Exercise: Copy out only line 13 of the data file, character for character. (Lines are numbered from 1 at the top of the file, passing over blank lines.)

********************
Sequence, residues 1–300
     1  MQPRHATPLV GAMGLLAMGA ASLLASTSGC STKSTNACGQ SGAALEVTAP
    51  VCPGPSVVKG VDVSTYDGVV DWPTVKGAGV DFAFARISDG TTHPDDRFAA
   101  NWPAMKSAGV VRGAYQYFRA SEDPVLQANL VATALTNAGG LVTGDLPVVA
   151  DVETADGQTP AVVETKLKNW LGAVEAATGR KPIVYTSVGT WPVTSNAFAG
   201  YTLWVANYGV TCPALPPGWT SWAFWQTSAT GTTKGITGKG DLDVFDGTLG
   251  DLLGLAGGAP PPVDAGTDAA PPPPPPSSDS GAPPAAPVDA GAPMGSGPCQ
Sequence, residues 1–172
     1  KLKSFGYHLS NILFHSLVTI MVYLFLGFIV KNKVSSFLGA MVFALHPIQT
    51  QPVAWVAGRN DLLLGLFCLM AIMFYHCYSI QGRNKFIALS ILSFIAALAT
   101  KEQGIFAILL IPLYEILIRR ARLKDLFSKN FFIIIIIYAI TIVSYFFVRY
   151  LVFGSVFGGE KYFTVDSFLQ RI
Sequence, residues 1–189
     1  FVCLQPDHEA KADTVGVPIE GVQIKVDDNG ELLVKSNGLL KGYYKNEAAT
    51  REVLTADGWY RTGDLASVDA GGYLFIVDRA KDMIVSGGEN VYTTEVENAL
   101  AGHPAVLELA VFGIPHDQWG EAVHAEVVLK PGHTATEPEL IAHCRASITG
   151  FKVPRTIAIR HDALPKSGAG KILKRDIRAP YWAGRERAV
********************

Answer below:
Sequence, residues 1–189